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Twitter wants to track your browsing activity—here's how to opt out

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Twitter's new plan for ads in the community might mean you have more interesting promoted posts in your feed, but you'll have to give up a chunk of your privacy first. Thankfully for privacy advocates, Twitter's made it really easy to stop it from probing your Web browsing activity.

“Users won’t see more ads on Twitter, but they may see better ones,” Kevin Weil, senior director of product and revenue for Twitter, wrote in a blog post announcing the move.

In the experiment, which will first take place with U.S. users and maybe later in other territories, Twitter will display ads from brands and companies you've shown an interest in outside of Twitter itself, collecting data in two ways.

Prospective advertisers will, through Twitter's ad partners, be able to share scrambled email addresses (from, say, mailing lists) or browser cookies (data used to track your Web browsing activity on a given site) with Twitter. The company will then match that information to accounts to show promoted tweets and accounts from relevant businesses to the users in question. 

However, such activity, particularly in the case of sharing cookies, has caused some to be concerned about Twitter privacy. "[W]hen a person visits the flower shop’s website," Weil said in his example, "the shop may share with us browser-related information (a browser cookie ID) that we can then match to an account that may receive the Valentine’s Day offer."

There is a way to opt out of having your browsing activity shared with Twitter. 

"Simply uncheck the box next to 'Promoted content' in your account settings, and Twitter will not match your account to information shared by our ad partners for tailoring ads," Weil said. "This is the only place you’ll need to disable this feature on Twitter."

Twitter has for some time kept an eye on the sites you browse which have integrated Twitter buttons or widgets as well. That lets it provide you with suggestions of people to follow "who are frequently followed by other Twitter users that visit the same websites." However, you can disable that function too by turning off the Personalisation option in your settings.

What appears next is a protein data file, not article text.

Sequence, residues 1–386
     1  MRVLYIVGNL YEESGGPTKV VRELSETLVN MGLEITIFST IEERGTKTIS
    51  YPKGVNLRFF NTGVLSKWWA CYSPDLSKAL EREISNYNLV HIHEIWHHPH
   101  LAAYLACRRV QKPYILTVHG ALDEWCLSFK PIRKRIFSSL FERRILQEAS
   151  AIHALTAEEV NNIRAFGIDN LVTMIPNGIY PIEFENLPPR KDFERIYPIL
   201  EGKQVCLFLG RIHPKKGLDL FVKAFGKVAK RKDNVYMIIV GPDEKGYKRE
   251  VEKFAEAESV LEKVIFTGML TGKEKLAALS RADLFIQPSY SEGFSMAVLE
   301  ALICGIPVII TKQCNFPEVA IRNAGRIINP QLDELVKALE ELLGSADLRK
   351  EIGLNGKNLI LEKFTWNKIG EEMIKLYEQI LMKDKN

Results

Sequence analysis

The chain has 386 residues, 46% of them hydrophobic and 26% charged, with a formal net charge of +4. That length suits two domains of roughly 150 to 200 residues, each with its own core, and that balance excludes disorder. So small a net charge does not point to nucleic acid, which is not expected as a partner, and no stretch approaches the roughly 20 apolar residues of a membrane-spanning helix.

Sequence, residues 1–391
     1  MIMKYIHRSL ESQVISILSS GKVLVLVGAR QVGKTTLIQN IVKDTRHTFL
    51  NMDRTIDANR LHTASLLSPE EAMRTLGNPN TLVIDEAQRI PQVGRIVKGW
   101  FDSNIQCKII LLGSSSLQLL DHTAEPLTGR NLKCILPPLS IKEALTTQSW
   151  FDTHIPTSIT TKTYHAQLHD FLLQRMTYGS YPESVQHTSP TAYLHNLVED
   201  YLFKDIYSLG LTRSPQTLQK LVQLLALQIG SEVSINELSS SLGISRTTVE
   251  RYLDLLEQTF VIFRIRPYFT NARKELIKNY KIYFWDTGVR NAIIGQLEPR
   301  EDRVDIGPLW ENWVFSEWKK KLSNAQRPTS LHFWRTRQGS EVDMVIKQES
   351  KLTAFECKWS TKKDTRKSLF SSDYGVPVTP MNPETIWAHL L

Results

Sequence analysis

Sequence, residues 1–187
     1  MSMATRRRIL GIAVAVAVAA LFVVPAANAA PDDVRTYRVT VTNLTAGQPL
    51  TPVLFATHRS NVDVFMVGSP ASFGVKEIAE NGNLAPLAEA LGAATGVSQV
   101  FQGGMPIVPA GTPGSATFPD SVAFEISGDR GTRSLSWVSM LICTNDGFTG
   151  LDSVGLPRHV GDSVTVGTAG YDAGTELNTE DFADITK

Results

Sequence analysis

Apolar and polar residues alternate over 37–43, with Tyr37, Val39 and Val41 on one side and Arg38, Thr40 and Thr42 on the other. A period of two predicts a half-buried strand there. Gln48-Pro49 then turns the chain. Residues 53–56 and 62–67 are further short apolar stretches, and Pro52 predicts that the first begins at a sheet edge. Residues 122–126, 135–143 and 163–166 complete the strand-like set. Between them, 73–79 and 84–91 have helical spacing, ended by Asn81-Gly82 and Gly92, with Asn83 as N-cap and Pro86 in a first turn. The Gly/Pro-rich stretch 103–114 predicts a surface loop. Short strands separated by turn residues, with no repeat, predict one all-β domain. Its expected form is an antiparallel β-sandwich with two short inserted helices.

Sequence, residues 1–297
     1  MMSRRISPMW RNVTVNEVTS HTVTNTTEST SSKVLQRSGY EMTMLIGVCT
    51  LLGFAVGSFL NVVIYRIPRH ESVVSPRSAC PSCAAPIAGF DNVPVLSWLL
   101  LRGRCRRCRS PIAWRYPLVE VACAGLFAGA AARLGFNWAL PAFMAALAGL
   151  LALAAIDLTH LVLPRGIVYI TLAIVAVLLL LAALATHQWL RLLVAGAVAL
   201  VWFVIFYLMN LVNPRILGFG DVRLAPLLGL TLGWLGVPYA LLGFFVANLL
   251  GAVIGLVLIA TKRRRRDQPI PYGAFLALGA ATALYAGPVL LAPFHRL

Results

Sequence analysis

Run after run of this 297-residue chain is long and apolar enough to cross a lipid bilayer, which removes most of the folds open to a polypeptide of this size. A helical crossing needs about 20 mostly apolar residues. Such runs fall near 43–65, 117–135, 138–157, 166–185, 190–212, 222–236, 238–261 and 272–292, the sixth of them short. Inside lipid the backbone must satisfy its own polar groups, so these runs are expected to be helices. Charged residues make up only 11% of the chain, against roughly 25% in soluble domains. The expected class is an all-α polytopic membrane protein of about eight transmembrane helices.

The Electronic Frontier Foundation, which has a detailed look at how the ad targeting works, praised Twitter for its commitment to not track the browsing activity of people who want to keep their Web habits a little more private. The company supports the Do Not Track protocol, which stops every website you visit, ad networks, anlaytics services, and social networks from tracking your browsing activity.

Anyone who has enabled Do Not Track will not have their browser activity tracked by Twitter. If you have enabled it (the Do Not Track site explains how to do it in your browser), this is how your Twitter settings page will look.

Facebook, Google, Amazon, and others all use your Web browsing activity to figure out what you're interested in and plop more relevant ads in front of your eyeballs, so Twitter isn't doing much different from its competitors here. 

On the surface, showing ads more relevant to your interests is beneficial for everyone. You'll only see ads you might care about, and Twitter and advertisers have a chance to make a little more revenue than they might otherwise. However, privacy concerns over tracking browsing activity means the practice is not quite as rosy-scented as the advertisers might hope. 

Photo by the4mahers